Unfamiliar technology: Reaction of international students to blended learning


This study enquires into learners’ behavioural intentions towards the use of a blended learning program designed for post-graduate international IT students. The aim of this research is to develop a testing mechanism to measure the extent to which international students have built up digital capital. We use the unified theory of acceptance and use of technology (UTAUT) as a framework for this investigation, built around social influence (behavioural intention) performance and effort expectancy (attitude), and facilitating conditions (ease and usefulness), using a critical theoretical approach. We further attempt to understand whether motivation for engagement with blended learning comes from intrinsic or extrinsic sources. For this study, 95 Project Management students were introduced to a blended learning approach using Blackboard, a Learning Management System. Following an introductory session, data on attitude, social influence and facilitating conditions was gathered. Hierarchical multiple regressions were used to assess the influence of each variable in determining first behavioural intentions and latter attitude towards blended learning. This study contributes to the body of knowledge through identifying that social influence has a strong impact on both performance and effort expectation as well as behavioural intentions. This suggests that, overall, the social environments from which the cohort originated provided sufficient economic, social and cultural capital to also develop some digital capital.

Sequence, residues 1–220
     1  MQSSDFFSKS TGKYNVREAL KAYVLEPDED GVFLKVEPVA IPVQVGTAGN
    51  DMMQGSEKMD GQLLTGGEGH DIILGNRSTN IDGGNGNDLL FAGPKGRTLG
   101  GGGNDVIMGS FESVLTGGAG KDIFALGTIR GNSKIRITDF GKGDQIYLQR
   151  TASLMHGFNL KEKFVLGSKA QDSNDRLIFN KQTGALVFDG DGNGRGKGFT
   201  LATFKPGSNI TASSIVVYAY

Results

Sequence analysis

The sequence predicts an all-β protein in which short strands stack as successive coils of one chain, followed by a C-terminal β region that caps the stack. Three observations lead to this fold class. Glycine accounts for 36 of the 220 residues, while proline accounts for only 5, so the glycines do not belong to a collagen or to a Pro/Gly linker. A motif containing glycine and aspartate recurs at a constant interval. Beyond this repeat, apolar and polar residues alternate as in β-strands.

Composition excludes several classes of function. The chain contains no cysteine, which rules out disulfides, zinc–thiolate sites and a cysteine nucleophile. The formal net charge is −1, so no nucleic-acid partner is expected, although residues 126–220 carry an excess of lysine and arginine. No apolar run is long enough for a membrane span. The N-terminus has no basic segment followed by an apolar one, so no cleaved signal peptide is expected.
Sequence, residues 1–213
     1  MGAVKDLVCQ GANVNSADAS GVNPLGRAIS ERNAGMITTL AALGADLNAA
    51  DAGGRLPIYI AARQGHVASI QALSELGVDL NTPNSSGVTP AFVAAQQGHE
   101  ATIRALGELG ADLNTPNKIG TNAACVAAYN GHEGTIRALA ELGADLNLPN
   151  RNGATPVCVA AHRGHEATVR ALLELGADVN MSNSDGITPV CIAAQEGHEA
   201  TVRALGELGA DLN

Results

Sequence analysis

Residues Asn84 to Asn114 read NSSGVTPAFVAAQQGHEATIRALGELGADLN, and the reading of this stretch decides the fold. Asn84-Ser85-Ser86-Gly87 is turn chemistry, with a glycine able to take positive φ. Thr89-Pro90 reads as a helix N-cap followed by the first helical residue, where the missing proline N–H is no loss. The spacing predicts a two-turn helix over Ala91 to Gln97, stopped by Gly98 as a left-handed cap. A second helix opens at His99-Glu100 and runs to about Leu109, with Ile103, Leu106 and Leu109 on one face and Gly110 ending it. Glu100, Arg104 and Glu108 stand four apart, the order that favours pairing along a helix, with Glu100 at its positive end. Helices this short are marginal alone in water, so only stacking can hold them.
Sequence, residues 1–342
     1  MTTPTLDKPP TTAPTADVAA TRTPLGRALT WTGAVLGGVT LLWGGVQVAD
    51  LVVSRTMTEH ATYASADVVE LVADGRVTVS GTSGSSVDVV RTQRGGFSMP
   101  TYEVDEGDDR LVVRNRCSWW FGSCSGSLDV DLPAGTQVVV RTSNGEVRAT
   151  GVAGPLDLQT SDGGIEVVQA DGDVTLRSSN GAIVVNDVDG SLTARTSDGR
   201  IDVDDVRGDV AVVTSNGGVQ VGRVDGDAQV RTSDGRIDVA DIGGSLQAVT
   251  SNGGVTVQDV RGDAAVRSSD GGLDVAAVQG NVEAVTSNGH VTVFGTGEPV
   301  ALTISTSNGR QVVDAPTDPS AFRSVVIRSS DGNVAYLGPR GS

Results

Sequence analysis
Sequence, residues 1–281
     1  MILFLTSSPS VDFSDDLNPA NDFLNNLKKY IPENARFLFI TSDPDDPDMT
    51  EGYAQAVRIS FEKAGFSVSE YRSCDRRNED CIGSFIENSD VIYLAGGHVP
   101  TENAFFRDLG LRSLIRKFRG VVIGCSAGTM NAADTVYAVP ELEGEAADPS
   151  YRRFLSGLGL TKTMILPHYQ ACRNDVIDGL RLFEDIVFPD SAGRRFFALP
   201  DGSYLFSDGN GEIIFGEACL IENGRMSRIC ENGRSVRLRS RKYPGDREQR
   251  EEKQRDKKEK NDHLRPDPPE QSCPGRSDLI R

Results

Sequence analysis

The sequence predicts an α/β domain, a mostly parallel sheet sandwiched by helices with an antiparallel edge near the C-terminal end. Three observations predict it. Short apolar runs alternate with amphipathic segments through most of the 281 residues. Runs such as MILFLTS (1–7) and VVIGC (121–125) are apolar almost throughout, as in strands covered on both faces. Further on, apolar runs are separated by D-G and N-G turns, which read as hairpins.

Blended learningInternational studentsDigital capital